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On a warm August afternoon, volunteers gathered around wire-mesh screens on the campus of the Smithsonian Environmental Research Center (SERC) near Edgewater, Maryland.  Wearing thick gardening gloves, volunteers both young and old helped members of the SERC Archaeology Lab push bucketfuls of soil through the wire-mesh screens to reveal artifacts hidden within.  The Lab hosts several such Public Dig Days throughout the year, during which families and adult volunteers can assist in excavations and data collection for ongoing projects in environmental archaeology.


SERC offers a variety of volunteer and citizen science programs through which volunteers can work alongside leading scientists to investigate environmental change.  At SERC’s Archaeology Lab, environmental archaeology studies involve volunteers in investigating how past peoples shaped and impacted their landscape and how the changes they made continue to affect our present relationships with local ecosystems.  Volunteers with the SERC Archaeology Lab have the opportunity to engage at every level of research.  Those interested in excavation or lab work can participate at a one-time, three hour session or return weekly to assist with data collection, artifact retrieval, and washing artifacts in the lab.  Long-term volunteers also assist in cataloging and further processing artifacts.  



SERC’s Archaeology Lab adds an extra dimension to the regular volunteer framework in that volunteers wishing to make a long-term commitment to the program can become Citizen Scientists, acting as principal investigators who lead ongoing projects.  First, they formulate research questions to investigate in the lab or in the field.  Having created their research design, Citizen Scientists then take on the role of principal investigator as they establish guidelines for collecting artifacts and data, analyze the collected artifact assemblage, and interpret the results through publications, reports, and presentations at both professional conferences and local organizations.  



Under the guidance of professional archaeologists, Citizen Scientists learn methodology and best practices at SERC which they are then able to teach to new volunteers, creating a “citizen science continuum” (Grady et al. 2016). The aim of this continuum is to engage and to educate volunteers at every level of the research process, which is made possible at the several archaeological sites within SERC’s campus. Citizen Scientists have developed several research questions and methods to investigate these sites, which range from the 17th through the 20th century, in an effort to understand the agency of individual households in environmental change.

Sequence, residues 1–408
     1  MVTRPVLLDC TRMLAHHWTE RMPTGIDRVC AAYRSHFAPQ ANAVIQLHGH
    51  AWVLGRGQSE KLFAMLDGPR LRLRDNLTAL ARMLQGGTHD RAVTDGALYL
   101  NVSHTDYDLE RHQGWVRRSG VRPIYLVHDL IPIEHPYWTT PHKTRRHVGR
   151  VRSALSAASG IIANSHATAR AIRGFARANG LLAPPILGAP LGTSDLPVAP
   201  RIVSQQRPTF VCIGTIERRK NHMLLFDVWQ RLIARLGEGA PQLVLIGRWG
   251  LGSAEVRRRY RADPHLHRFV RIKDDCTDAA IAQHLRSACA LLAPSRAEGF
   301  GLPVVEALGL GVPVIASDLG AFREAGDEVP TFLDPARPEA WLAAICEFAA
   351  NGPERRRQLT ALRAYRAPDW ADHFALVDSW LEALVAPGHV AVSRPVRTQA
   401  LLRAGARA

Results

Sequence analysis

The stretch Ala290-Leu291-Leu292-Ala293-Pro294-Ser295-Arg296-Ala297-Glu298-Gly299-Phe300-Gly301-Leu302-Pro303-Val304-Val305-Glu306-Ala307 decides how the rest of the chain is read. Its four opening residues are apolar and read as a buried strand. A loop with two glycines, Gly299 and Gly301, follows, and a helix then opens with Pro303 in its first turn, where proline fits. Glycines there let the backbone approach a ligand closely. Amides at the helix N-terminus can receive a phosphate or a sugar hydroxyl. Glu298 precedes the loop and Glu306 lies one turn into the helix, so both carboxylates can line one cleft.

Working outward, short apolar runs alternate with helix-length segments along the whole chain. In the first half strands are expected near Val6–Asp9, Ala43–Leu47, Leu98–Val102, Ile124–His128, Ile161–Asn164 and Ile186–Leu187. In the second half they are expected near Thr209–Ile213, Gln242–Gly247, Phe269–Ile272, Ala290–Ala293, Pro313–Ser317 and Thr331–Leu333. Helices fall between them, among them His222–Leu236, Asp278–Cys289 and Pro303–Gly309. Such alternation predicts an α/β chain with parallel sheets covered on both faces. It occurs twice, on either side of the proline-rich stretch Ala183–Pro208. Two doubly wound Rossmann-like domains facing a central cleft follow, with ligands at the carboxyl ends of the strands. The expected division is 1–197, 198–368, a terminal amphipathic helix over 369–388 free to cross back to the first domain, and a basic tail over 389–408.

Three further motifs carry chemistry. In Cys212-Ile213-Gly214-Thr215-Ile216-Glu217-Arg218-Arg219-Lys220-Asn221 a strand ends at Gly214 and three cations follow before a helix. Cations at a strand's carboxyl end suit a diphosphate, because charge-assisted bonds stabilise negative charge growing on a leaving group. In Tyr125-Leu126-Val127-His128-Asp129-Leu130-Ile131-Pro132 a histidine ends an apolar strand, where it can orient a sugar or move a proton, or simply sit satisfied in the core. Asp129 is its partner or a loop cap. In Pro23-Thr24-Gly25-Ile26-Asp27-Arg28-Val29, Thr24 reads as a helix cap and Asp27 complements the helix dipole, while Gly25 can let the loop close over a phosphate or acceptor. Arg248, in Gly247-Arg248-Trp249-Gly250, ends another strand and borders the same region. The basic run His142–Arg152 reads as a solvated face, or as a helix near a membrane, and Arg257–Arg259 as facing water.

One of these research questions sought to investigate changes in the relative size of oyster shells by comparing the size of shells found in colonial middens with those of present-day oysters.  This comparison demonstrated how the over-harvesting of oysters has lead to a decrease in shell size over the last 400 years.  A second project compared faunal remains (animal bones left behind as food waste) at the Shaw and Sparrow households which showed a heavy preference for domesticated beef and pork.  During the 17th Century, both families lived in close proximity on what would someday become the SERC Campus. Despite an abundance of deer, fish, and other wildlife in the area, both families chose to rely on livestock as a primary food source.  Modern-day domesticated cattle and pig herds impact surrounding ecosystems in measurable ways, and these impacts can be extrapolated into the past to give insights into how both the Shaw and Sparrow households impacted their local landscape.  

Another project analyzes faunal remains collected from the former seat of Charles County, Port Tobacco.  Citizen Scientists investigate the changes and continuity in the provisioning of meat during the town’s heyday in the 18th– and 19th-century.  Other projects explore the effects of erosion and sedimentation on the landscape and the use of coal as fuel instead of wood during the 19th Century.  Data collected from these projects demonstrate the effects of individual households on local landscapes.